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One in three fail to repay interest-only mortgages

One in three borrowers with interest-only loans failed to repay the mortgage at the end of the term, according to new data.

The S&P Global Ratings report looked at interest-only mortgages due to mature over an 18-month period, to June 2017.

It found that a 36 per cent of these were still outstanding at the end of this period.

A break down by mortgage type shows that approximately 27.5 per cent of residential interest-only mortgages are still outstanding at the end of the term, and around 8.5 per cent of buy-to-let loans are.

This research looked at the interest-only mortgage loans in 84 residential mortgage backed securities – representing some £15.2bn. There are concerns that failure to repay these debt could cause difficulties in the housing market, and create credit issues for the banks issuing these securities.

This report identified borrowers who were at higher risk of failing to repay these loans.

This included those who were aged 55 or over, those who were self-employed and those who had self-certified their income when taking out the loan.

The report notes: “Borrowers who are self-employed show a disproportionate tendency not to repay the full balance of their loan at maturity. Self-employed borrowers represent around 38 per cent of the interest-only loans in the sample, but 56 per cent of interest-only loans not redeemed at maturity.”

This research shows that 73 per cent of those failing to redeem these mortgages were aged 55 or over.

Most of these mortgage deals were taken out in the period leading up to 2008. The report points out that despite these homeowners benefiting from lower mortgage repayments  – in some cases borrowers have seen repayments fall by 65 per cent over this period – many have failed to save into a suitable repayment vehicle.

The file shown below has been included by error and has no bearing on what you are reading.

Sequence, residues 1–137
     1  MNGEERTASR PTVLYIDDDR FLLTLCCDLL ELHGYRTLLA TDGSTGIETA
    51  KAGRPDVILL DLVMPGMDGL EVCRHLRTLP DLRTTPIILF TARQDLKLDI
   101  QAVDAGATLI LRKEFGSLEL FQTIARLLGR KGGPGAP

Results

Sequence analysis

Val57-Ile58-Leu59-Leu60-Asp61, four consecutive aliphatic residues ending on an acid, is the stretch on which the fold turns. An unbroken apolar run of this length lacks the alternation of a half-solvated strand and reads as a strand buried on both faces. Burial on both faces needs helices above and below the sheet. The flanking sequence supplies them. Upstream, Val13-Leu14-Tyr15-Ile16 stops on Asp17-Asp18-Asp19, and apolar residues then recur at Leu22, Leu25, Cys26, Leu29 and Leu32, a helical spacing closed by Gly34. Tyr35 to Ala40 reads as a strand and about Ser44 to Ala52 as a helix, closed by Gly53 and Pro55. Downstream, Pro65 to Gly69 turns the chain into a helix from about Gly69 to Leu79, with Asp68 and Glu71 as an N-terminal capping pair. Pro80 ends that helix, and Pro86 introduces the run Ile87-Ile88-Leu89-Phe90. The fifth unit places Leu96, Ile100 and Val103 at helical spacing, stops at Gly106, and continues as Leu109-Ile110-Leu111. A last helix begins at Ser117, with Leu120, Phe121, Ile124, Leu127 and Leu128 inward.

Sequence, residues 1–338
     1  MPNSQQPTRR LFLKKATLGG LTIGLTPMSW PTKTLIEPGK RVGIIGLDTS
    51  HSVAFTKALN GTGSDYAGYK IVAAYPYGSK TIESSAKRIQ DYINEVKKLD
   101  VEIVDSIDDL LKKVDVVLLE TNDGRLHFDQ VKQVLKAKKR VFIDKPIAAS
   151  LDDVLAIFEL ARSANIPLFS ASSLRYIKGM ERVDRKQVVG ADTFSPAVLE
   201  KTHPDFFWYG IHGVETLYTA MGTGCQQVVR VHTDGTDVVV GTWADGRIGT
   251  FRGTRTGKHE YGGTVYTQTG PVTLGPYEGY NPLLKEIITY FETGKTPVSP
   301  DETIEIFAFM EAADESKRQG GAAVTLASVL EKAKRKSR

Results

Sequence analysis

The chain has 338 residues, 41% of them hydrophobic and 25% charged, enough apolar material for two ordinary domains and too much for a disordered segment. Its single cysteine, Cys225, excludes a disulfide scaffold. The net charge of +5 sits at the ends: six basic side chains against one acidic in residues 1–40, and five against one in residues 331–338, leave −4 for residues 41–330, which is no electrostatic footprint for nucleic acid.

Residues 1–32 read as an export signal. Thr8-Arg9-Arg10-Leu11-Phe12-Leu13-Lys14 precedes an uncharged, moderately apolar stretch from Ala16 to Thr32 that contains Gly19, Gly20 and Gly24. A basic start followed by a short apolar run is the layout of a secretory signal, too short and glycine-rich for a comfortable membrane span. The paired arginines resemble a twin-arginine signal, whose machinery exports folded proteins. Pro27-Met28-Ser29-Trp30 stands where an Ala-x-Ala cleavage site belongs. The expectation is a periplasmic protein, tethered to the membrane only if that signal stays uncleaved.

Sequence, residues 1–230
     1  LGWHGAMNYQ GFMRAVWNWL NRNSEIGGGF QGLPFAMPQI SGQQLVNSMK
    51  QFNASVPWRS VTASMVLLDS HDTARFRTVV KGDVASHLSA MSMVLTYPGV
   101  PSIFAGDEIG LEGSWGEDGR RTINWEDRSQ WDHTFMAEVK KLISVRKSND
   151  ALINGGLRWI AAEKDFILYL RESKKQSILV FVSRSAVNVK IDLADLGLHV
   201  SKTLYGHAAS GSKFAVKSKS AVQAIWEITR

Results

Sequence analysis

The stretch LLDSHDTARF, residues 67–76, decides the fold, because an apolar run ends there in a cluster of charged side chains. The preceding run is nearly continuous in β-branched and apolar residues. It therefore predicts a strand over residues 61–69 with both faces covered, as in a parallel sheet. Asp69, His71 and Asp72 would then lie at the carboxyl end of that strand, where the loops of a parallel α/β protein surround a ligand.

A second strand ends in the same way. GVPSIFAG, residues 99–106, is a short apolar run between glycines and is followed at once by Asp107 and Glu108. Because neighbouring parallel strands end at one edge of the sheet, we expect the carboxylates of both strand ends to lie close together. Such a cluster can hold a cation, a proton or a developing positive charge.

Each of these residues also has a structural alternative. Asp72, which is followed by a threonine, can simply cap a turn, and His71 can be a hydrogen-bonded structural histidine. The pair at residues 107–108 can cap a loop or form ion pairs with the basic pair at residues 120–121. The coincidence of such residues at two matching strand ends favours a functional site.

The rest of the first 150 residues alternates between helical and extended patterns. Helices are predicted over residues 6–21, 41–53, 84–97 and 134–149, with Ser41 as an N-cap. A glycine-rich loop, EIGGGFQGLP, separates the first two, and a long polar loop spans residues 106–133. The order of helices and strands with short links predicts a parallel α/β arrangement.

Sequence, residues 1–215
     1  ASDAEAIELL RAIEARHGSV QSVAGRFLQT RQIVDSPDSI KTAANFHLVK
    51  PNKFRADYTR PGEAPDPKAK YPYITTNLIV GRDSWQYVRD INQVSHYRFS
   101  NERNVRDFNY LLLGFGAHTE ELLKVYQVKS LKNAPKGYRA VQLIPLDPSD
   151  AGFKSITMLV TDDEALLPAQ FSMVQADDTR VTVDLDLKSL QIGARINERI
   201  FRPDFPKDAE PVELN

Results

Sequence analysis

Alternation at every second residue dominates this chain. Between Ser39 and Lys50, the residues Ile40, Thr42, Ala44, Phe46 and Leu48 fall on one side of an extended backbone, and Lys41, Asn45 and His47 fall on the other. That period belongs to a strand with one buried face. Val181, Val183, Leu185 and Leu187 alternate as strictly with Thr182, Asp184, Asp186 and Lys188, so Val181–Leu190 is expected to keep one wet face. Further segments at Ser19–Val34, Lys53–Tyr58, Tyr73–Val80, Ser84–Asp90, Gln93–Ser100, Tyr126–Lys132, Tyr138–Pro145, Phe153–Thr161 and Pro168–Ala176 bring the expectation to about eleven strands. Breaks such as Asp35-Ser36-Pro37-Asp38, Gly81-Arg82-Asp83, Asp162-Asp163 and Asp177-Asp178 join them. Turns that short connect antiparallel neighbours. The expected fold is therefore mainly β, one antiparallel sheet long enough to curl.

The report said: “Elderly borrowers who lack a sufficient repayment vehicle have limited alternatives. Given that many of these borrowers have failed to save while they were of employment age and in a lower interest rate environment, we do not anticipate that they will be able to save enough to pay to pay off the principal as required.”

However, where borrowers live can have a huge impact on their ability to redeem these mortgages. Increases in house prices in the South East mean borrowers in this region may have the option of downsizing and repaying this debt.

The opposite is true for borrowers in the North West of England, Northern Ireland and Scotland, where there has been little house price growth since the origination of these loans.

S&P points out that these interest-only loans were often advanced to borrowers who could not afford a repayment loan, so affordability tends to be lower than the market as a whole.

“Borrowers who have taken out interest-only loans are expected to either refinance their loans or use a repayment vehicle to pay off the loan at maturity.

“However, we have observed that an increasing and significant number of borrowers with interest-only loans have not repaid the principal at the due date.”

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